A letter written to his infant daughter by an American soldier during World War II finally reached her–69 years later. She never knew him. He died in Italy in 1944.
A television station in Charleston, SC recently reported a woman’s reunion with this letter along with 16 other letters written to her mother, her father’s Purple Heart and Bronze Star medal and other personal effects. They’d been found years before in someone else’s attic, but it took this long for that person to locate his daughter, Peggy.
As a genealogist hearing this story, it reminds me to NEVER give up! You never know what evidence may be just around the corner (or in an attic), waiting to connect you with your relatives. It also makes me grateful for those genealogical good Samaritans–those who find important family artifacts and then work to reunite them with their long-lost families. Check out the video here:
It’s time for the third part of our disaster planning process in honor of National Preparedness Month in the United States. Two weeks ago, I talked about assessing your home archive and research files and prioritizing the items you want to protect. Last week, we talked about making copies of important originals and other valuable items. This week:
PROTECT PRECIOUS ORIGINALS. After you’ve duplicated your originals, take steps to preserve them. How exactly you do this depends on what you’re protecting; how much time and money you’re willing to spend; and how you plan to store or display them. The core strategy is to store them in appropriate archival materials away from direct light and extremes in temperature and humidity. No damp basements or hot attics! But what materials constitute safe storage are different for paper items, different types of photos or cloth, and electronic items, so you need to do a little research. (Hey, we genealogists are good at that!)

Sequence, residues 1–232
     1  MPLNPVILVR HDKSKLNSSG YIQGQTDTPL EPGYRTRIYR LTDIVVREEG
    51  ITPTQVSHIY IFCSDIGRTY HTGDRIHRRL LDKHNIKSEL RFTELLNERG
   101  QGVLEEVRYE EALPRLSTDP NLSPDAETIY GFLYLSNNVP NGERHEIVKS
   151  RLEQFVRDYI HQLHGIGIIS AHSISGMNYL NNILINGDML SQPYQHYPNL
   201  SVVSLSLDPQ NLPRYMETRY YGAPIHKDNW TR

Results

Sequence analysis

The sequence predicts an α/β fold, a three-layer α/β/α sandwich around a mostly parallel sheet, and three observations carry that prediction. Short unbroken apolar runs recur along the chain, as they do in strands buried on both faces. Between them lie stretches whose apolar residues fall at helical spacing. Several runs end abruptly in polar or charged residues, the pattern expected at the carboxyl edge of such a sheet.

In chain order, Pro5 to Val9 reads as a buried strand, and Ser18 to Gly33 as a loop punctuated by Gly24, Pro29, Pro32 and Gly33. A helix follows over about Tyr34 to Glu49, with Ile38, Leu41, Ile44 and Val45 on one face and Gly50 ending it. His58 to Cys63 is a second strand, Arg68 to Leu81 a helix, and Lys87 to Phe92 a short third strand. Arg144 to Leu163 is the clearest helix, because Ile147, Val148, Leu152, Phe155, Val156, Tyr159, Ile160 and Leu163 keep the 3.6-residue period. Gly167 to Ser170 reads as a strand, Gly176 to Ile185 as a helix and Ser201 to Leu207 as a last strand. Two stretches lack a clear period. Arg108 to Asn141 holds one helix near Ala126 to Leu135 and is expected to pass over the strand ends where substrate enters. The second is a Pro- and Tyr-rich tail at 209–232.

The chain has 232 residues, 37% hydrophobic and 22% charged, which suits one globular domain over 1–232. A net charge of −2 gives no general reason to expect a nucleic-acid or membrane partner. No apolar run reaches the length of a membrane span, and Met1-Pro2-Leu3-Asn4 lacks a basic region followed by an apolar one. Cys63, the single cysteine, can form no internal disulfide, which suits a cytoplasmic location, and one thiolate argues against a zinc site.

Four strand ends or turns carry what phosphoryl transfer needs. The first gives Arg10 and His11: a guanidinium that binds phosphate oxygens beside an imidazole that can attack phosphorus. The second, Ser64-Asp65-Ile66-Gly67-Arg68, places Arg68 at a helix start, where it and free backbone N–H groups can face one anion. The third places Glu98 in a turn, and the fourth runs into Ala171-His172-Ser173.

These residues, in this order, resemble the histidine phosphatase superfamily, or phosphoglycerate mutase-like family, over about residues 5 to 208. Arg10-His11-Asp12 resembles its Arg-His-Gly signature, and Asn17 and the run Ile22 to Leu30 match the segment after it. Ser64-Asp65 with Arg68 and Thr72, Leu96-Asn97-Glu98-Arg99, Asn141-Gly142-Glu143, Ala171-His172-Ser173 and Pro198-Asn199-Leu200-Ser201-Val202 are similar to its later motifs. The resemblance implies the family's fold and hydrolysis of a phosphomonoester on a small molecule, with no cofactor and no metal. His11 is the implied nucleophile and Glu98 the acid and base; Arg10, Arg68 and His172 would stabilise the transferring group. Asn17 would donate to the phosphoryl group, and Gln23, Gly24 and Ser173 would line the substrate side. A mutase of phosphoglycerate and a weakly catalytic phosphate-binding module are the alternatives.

Several resources can help you learn more about giving your family artifacts the protection they need, including:
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In celebration of National Preparedness Month in the United States, I’m running a four-part post on securing your family history archive and research against disasters. Last week I talked about assessing and prioritizing your original family artifacts, photographs and documents. This week’s tip:
DUPLICATE THE PAST. There’s no true substitute for an original family Bible, but if it’s lost, you at least want to have a copy. Scan your original photos, documents, and other flat artifacts—including the important pages of that Bible. While you could carefully use a flatbed scanner, consider a portable scanner or a mobile scanning app like Genius Scan or Scanner Pro.
Next, photograph dimensional family artifacts like artwork, handicrafts, clothing, military and school memorabilia, etc. Use a regular digital camera or the camera on your phone or tablet/iPad. Make sure you label the photos by using the metadata fields in digital files or by printing them out and captioning them in an album. Consider using the Heirloom Inventory Kit developed by the folks at Family Tree Magazine to create an archival record of your artifacts with images, stories and more.
Next week, we’ll tackle a third topic: preserving original documents, photos and heirlooms.